MiCA is the first step in robust approach to crypto regulation

Starting to set the standard on cryptoassets

The Markets in Crypto-Assets regulation being introduced by the European Commission will set the benchmark for governing the global cryptoasset industry. Other jurisdictions should take note.

After being proposed by the Commission in September 2020 as part of its digital finance strategy, the European Parliament finally approved the MiCA regulation on 20 April, setting the wheels in motion for it enter into force in July.

Speaking at the Digital Monetary Institute’s symposium on 11 May, Ivan Keller, policy officer at the directorate-general for financial stability, Financial Services and Capital Markets Union, called MiCA a ‘comprehensive piece of regulation’ in what will be the world’s first set of rules aimed at governing the cryptoasset industry.

MiCA will regulate issuers of stablecoins, both asset-referenced tokens and electronic money tokens, as well as all other cryptoassets and cryptoasset service providers. It will also include market integrity provisions to ensure there is no market abuse and insider dealing.

Keller explained that MiCA will be implemented in two stages: a 12-month phase-in period for the part of MiCA that deals with stablecoins and an 18-month phase-in period for the rest of the industry.

The key value of MiCA is that it establishes a common taxonomy of cryptoassets, with ARTs, EMTs and other cryptoassets. However, the legislation could and should go further in governing all the centralised players in this market. According to Keller, the plan is to look at decentralised finance markets, non-fungible tokens and the lending and borrowing of cryptoassets within 18 months of MiCA coming into force. ‘These are the three themes we will be grappling with in the next iteration of MiCA’, said Keller.

For now, the focus will be on its implementation, in what will provide a wide-encompassing set of rules for the crypto market, which have not been established until now. Many say that if MiCA had been implemented earlier, it would have prevented the malpractices at FTX. It is a model that other countries should look to emulate.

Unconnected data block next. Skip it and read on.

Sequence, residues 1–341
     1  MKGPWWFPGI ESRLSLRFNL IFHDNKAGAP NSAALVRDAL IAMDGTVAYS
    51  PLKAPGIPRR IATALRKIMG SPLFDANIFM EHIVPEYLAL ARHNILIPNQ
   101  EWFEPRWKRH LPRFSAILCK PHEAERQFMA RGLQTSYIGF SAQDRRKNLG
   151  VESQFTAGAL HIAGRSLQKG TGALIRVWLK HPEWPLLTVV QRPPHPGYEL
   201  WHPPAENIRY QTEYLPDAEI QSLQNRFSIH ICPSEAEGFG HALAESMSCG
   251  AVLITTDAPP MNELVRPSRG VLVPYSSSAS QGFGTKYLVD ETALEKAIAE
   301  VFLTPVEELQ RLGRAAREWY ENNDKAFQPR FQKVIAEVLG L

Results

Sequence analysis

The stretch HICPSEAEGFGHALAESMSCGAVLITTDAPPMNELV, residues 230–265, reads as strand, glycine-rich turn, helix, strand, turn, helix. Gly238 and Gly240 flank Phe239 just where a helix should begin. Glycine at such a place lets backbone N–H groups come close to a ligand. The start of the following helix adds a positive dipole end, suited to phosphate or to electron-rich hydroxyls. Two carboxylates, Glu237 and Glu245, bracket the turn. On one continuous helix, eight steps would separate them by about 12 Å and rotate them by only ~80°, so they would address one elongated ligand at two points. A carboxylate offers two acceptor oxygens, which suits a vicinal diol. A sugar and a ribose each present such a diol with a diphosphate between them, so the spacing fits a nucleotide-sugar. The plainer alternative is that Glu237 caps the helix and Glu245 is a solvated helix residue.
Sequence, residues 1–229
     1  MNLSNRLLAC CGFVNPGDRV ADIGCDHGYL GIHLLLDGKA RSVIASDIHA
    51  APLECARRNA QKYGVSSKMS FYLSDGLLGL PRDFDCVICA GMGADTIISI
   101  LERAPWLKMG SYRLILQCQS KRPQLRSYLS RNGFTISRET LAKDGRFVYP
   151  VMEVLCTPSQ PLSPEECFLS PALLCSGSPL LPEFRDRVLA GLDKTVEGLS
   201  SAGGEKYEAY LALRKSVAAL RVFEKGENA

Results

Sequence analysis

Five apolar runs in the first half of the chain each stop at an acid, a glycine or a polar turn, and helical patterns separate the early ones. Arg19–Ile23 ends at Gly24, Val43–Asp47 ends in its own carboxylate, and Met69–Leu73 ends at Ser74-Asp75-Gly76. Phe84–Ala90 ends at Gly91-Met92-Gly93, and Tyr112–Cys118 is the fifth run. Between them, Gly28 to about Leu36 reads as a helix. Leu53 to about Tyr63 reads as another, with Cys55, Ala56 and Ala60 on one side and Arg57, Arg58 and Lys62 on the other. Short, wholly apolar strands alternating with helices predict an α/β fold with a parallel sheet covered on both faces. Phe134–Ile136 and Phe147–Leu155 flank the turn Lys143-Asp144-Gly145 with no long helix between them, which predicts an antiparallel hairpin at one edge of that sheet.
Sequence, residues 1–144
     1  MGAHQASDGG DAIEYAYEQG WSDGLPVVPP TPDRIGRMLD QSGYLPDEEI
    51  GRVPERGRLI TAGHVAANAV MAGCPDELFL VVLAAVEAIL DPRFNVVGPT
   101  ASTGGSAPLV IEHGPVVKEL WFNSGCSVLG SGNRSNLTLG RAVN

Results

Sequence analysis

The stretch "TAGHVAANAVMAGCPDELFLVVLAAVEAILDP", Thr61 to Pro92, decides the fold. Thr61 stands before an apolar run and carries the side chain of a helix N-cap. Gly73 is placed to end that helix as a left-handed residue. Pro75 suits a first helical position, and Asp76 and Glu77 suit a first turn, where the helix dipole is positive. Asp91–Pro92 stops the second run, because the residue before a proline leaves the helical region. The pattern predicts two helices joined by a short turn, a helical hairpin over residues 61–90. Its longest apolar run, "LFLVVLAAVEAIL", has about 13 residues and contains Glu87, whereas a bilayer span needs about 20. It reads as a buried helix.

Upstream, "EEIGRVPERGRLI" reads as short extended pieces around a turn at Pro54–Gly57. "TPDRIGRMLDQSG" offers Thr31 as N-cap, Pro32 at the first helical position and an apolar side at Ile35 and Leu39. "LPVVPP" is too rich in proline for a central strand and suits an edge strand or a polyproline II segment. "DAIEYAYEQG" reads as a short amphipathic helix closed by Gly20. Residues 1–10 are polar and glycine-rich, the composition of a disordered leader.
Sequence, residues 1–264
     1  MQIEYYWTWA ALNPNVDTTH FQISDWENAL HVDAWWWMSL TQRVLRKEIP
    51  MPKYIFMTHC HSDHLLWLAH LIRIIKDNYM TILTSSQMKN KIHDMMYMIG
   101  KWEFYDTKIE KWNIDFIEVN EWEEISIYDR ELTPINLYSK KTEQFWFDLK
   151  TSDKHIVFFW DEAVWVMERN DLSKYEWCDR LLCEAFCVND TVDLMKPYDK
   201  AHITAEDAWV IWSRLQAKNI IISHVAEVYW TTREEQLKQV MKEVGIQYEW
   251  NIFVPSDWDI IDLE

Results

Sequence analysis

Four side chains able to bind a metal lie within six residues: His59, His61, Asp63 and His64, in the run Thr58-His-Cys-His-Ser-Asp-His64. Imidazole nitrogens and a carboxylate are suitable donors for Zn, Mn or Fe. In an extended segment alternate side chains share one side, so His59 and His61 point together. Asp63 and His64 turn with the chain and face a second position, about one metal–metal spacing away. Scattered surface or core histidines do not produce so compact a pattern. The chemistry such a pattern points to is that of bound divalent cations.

Other countries are also looking at the regulation of crypto. In the US, the work put in motion by the March 2022 White House executive order resulted in the US’s first ever comprehensive framework. The UAE, Saudi Arabia, Bahrain and most of Brazil have also introduced crypto regulations. Meanwhile, the UK Treasury launched a consultation into regulation of cryptoassets earlier this year.

In a separate session at the DMI symposium, Hester Peirce, commissioner at the US Securities and Exchange Commission, spoke about the complicated regulatory framework for digital assets and cryptocurrency. ‘The crypto entities are a whole new set of entities that we are not used to dealing with as regulators,’ said Peirce, who stressed the need to take a ‘more productive approach’ for some of the complicated issues that the crypto industry brings up.

One of the key issues is that it is still unclear where the industry is heading – whether it will just be a financial industry phenomenon or transform many areas of our lives. But as with any new and potentially significant development, regulation is important.

On MiCA and the need for interoperability in crypto regulation, Peirce said it was a ‘great opportunity for us to really put interoperability into practice because everyone is at the ground floor putting together regulatory regimes,’ adding that ‘we have a lot to learn in how MiCA works’. But she stressed that ‘we don’t all have to have identical regulatory regimes but trying to build in mutual recognition wherever we can is important’.

In a poll of the attendees at the DMI symposium, there was unanimous agreement on the need for regulation but a lack of agreement on the need for bespoke regulation or improvements to existing crypto regulation. On the most appropriate approach to the regulation of crypto, 41% called for selective adjustments to existing regulation and 32% called for comprehensive top-down bespoke regulation. Meanwhile, 18% called for widespread bottom-up bespoke regulation, with 5% calling for self-regulation by the industry and no one stating it should be left to the market.

Burhan Khadbai is Head of Content of the Sovereign Debt Institute at OMFIF.

This discussion took place at OMFIF’s 2023 DMI symposium held on 10-11 May. View all of the DMI symposium sessions here.

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